Source: Toronto Star
They claim she is around 20 years old, but reports suggest she could me much younger than that. More disgust brought to you by Sharia Law. Under Islamic rule, adulterers are to be put to death. However, women are often accused and sentenced for adultury even if they are raped. 4 male witnesses are required to back up her claim, or else she will be stoned. Islam treats women like sh*t.
Verses from Islamic literature which say for a woman to be stoned to death for adultury (h/t TROP)
Bukhari (6:60:79) – Two people guilty of “illegal intercourse” are brought to Muhammad, who commands that they both be stoned. Apparently their act was out of love, however, since the verse records the man as trying to shield the woman from the stones.
Bukhari (83:37) – Adultery is one of three justifications for killing a person, according to Muhammad.
Muslim (17:4196) – A married man confesses that he has adultery (four times, as required). Muhammad orders him planted in the ground and pelted with stones. According to the passage, the first several stones caused such pain that he tried to escape and was dragged back.
Muslim (17:4206) – A woman who became pregnant confesses to Muhammad that she is guilty of adultery. Muhammad allows her to have the child, then has her stoned (the description is graphic).
Muslim (17:4209) – A woman confesses adultery and is stoned to death on Muhammad’s order.
Ibn Ishaq (970) – “The adulterer must be stoned.” These words were a part of Muhammad’s farewell address to his people on the occasion of his final pilgrimage to Mecca.
KHARTOUM—A Sudanese woman, believed to be around 20, has been sentenced to be stoned to death for adultery, and is being held near Khartoum, shackled in prison with her baby son, rights groups and lawyers said on Thursday. Campaigners condemned the ruling, saying it violated international standards and raised concerns that Sudan might start applying sharia, or Islamic law, more strictly following the secession of mostly non-Muslim South Sudan last year. The woman, Intisar Sharif Abdalla, was sentenced by the Ombada criminal court on April 22, court documents seen by Reuters showed. Two lawyers assigned to her case, who declined to be named, said they were launching an appeal adding Abdalla appeared to be under severe psychological strain. “She’s in dire need of a psychiatrist because she appears to be in a state of shock from the social and family pressures she’s under,” one lawyer said.
Abdalla was illiterate and did not have a lawyer or interpreter in the courtroom, although Arabic is not her native language, the lawyers and activists added. Arabic is the main language in the overwhelmingly Muslim nation, though a wide range of smaller languages are also spoken, particularly in tribal areas. It was unclear where Abdalla came from. Officials in Sudan’s justice and information ministries said they could not immediately comment on the case when Reuters contacted them by phone. Abdalla’s exact age has not been confirmed, but activists said she was believed to be around 20, although some reports indicated she could be younger. “The case certainly raises concerns about how judges are interpreting and applying the laws of Sudan,” Jehanne Henry, a senior research at advocacy group Human Rights Watch, said.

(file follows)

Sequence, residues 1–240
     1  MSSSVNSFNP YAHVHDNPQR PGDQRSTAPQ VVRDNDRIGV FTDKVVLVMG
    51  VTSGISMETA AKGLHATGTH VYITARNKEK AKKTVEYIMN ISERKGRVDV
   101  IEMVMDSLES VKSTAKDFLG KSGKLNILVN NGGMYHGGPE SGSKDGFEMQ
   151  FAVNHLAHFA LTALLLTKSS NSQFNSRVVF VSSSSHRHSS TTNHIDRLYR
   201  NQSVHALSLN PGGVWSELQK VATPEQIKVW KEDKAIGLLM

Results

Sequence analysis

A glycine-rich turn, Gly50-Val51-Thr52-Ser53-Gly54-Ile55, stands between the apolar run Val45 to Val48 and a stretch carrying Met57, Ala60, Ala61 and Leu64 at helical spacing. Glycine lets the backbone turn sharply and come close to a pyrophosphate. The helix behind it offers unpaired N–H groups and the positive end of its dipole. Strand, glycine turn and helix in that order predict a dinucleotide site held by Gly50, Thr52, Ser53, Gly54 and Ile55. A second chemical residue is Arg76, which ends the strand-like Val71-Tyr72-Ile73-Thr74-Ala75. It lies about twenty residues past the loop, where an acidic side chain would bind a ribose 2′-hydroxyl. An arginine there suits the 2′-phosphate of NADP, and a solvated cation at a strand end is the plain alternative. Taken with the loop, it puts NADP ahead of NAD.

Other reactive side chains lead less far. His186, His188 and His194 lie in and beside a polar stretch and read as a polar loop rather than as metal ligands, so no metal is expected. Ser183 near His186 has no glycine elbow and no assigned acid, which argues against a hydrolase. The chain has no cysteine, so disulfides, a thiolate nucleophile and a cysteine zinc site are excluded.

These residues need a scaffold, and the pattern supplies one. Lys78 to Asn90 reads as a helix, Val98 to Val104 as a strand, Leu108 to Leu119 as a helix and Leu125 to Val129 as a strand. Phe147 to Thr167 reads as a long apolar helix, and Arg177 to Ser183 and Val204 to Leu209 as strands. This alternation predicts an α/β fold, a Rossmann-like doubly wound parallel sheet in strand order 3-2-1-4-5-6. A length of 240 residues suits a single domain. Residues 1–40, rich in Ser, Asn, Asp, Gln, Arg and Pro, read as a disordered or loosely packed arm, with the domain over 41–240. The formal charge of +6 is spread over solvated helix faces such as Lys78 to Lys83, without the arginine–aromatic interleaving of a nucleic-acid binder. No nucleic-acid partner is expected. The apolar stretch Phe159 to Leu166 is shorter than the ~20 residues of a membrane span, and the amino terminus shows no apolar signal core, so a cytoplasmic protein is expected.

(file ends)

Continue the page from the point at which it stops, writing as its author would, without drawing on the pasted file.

Floggings are a common punishment in Sudan for crimes like drinking alcohol and adultery. But sentences of stoning are rare. Following a 1989 coup, Sudan introduced laws that took sharia as their main source and hosted militants including Osama bin Laden. While the government has since sought to improve its image internationally by distancing itself from radical Islamists, it is still one of only a few countries to list death by stoning in its statutes. In 2010, Sudan’s President Omar Hassan al-Bashir said the country would adopt a fully Islamic constitution following the secession of the south, agreed under a 2005 peace deal that ended decades of civil war. Most people in South Sudan are Christian or follow traditional African beliefs. The Strategic Initiative for Women in the Horn of Africa (SIHA), a network of civil society groups, said Abdalla was still in danger despite the appeal. “Although this appeal is in process, Intisar ostensibly remains at risk of being stoned and in real terms, her life is still very much on the line,” it said in a statement. In 2010, the case of Lubna Hussein, a Sudanese UN official, sparked international anger when she was sentenced to flogging for wearing trousers.
Fahima Hashim, a women’s rights activist following Abdalla’s case, said sentences were often inconsistent in Sudan because the legal system gave authority to judges to decide punishments. Previous stoning sentences had not been carried out, she said. Hashim called for the reform of articles in Sudan’s criminal code which she said harm women’s rights, including one used in Abdalla’s case. As long as this article remained unchanged, execution by stoning would not be out of the question, she said. “It’s a threat. It could happen.”